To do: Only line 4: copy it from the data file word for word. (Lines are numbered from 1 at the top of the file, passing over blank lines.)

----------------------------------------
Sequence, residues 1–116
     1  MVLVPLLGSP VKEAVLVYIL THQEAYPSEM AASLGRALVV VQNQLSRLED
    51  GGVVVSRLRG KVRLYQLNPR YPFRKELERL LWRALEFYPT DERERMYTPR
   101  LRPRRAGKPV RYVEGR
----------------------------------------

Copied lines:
   101  LRPRRAGKPV RYVEGR